Based on the number of emails Councilman Jim Wood is receiving from concerned residents, it's safe to say that opposition to a strip club in Destin is mounting.
"The emails are all against it, one-hundred percent," Wood told The Log Thursday.
Developers with Trident Operations and Red Brick Construction LLC are behind plans for Destin's first strip club, which is going to be called The Runway. They filed their initial paperwork with the city's planning department Jan. 25 at 4 p.m. With the files in hand, the actual review process on the proposed 5,550-square foot gentleman's club can begin.
As of Friday, planners were not actively reviewing the application because the file is considered "incomplete," due to a missing lighting plan. Once the plan is received the review process will begin.
Looking at the plans, there are some familiar names listed. Boat Captain Casey Godwin is listed as the "registered agent" for Trident, and local attorney Dana Matthews was listed as the "authorized agent" for Red Brick.
Neither Godwin or Matthews returned multiple messages from The Log.
Godwin is the boat captain on the One of A Kind, which was owned by the late Terry Stephenson. Stephenson was the man who had first challenged the city of Destin to offer topless dancing, before he was gunned down outside his Atlanta-based strip club Pin-Ups.
The application on file at City Hall also identifies Atlanta-based attorney and former Stephenson partner Carey Wiggins as the manager of Trident.
In 2010 city leaders agreed to a settlement with Stephenson, who wanted to open a "sexually oriented" business at his Mountain Drive bar, The Oasis.
As part of the settlement, the city agreed to allow topless dancing in the industrial zoning district, which sits along Airport Road. The city also agreed to expedite permit applications; to allow alcohol to be sold in the bar even if it violates an existing ordinance that prohibits the sale of alcohol at businesses within 1,000 feet of a church. Safe Harbor Presbyterian Church is located at the intersection of Airport Road and Main Street.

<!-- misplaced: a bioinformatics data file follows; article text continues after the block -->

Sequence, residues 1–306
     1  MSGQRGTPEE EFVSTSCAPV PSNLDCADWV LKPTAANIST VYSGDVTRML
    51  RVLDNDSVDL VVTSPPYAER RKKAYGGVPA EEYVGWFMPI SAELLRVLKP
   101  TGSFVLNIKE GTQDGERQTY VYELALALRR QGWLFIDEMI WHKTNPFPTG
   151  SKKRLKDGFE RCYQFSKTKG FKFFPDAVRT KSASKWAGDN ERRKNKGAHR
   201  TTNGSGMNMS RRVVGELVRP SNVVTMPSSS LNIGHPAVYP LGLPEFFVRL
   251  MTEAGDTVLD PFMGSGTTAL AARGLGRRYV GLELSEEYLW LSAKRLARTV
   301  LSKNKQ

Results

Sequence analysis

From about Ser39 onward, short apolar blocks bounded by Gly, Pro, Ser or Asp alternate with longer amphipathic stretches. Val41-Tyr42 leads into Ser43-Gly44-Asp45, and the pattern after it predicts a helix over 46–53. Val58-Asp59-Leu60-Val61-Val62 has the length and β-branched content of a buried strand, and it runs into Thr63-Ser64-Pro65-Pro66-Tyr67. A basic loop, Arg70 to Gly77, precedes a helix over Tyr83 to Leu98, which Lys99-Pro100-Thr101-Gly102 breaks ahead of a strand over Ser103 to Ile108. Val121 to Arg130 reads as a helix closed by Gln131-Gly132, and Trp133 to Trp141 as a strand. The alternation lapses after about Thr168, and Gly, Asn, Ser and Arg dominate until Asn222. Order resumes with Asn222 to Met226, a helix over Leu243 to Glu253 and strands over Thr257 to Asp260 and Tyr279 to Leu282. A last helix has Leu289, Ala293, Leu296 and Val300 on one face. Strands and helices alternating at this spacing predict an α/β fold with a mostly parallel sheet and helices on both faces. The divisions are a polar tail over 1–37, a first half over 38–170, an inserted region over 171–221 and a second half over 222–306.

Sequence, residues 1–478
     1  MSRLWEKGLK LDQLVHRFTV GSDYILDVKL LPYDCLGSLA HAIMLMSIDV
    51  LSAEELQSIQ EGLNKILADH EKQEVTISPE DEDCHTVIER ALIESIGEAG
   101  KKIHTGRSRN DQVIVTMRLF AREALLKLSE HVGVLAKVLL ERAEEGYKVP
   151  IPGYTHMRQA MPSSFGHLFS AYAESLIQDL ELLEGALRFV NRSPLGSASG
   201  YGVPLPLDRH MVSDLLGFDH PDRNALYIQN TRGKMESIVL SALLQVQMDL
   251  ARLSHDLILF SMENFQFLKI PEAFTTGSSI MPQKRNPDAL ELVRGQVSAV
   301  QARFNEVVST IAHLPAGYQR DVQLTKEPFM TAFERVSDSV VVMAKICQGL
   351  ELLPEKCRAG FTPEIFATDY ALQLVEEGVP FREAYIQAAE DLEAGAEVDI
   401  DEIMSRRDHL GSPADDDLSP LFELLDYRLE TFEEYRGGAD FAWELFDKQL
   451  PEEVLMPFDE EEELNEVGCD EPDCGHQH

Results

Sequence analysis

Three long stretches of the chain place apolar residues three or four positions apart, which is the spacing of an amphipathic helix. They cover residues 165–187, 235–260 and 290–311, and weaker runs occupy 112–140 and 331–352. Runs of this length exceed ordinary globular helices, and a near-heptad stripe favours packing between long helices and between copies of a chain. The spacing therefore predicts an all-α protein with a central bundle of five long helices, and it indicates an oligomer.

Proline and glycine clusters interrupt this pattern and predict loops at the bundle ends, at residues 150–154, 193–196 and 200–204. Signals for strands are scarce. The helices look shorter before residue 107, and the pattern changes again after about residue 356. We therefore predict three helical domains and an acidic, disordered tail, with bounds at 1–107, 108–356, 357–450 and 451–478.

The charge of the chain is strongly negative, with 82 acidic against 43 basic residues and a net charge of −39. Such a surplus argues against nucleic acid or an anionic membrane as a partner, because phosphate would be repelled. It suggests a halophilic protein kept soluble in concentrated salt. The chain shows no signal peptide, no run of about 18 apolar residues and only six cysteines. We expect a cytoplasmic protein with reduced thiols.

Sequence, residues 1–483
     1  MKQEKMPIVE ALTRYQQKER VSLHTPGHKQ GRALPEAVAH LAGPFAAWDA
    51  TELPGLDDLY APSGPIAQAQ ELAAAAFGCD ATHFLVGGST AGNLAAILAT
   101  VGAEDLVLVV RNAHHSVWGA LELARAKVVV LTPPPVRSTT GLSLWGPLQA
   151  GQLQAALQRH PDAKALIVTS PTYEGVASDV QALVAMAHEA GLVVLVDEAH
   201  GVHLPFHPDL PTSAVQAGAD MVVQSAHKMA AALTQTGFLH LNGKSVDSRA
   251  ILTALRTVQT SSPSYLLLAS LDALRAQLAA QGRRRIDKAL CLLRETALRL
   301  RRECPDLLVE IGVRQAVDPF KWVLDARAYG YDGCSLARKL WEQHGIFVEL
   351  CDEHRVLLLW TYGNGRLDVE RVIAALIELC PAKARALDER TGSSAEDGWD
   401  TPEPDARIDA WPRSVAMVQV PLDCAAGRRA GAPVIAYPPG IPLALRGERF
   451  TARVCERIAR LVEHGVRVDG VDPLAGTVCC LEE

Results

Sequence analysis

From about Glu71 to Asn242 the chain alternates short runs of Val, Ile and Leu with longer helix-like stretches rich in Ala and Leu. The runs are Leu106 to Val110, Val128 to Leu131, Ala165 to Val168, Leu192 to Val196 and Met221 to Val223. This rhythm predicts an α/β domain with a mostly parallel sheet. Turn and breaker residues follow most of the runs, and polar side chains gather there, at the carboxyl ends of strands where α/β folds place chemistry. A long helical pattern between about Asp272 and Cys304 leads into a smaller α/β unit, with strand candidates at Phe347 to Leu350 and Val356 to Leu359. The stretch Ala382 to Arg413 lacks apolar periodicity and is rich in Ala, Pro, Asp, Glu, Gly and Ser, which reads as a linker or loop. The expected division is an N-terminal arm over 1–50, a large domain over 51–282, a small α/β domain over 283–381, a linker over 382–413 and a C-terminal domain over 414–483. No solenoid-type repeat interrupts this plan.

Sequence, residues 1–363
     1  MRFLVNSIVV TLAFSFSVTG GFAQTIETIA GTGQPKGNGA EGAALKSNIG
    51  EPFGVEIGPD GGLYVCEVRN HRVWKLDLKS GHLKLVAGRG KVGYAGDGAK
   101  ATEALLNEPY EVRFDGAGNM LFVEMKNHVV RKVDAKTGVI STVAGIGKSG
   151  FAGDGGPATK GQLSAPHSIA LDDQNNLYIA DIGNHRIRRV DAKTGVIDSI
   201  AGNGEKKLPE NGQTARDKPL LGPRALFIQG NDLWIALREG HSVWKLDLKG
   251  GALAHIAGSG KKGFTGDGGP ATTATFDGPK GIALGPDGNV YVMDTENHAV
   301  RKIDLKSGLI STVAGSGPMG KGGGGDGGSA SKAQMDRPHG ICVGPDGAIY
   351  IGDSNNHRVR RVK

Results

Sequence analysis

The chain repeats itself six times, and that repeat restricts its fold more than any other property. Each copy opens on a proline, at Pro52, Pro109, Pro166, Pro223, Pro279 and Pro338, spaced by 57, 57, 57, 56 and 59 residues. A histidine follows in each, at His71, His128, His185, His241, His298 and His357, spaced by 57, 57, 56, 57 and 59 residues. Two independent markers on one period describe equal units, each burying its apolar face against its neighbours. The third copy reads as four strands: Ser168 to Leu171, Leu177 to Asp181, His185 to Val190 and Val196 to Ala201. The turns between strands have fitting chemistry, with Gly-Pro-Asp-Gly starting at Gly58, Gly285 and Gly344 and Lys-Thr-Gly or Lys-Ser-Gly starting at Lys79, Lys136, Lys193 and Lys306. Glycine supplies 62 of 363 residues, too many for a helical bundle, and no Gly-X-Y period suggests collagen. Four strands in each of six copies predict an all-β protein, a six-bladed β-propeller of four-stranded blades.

Councilman Jim Bagby said his phone and inbox have been relatively quiet, outside of the emails that are automatically sent to him as part of an anti-strip club online petition through Change.org that's making its way through the city.
"I'm over 850 emails," he said.
One of the problems with the petition though is that not all of the signatures are from Destin residents. Bagby said out of the past 25 emails he had received, a majority of them were from Niceville, Shalimar, Alabama and New Orleans.
"They have the right to petition their government," he said. "I support what they are trying to do."
With the documents on file, city leaders can only sit back and wait to see how the process pans out. City councilors have maintained their hands are tied as part of the settlement agreement, but questions have been asked that were not addressed when city leaders agreed to allow a strip club in the industrial zoning district.
"This is going to be a long process," Wood told The Log. "If you don't understand the past, it's hard to move forward."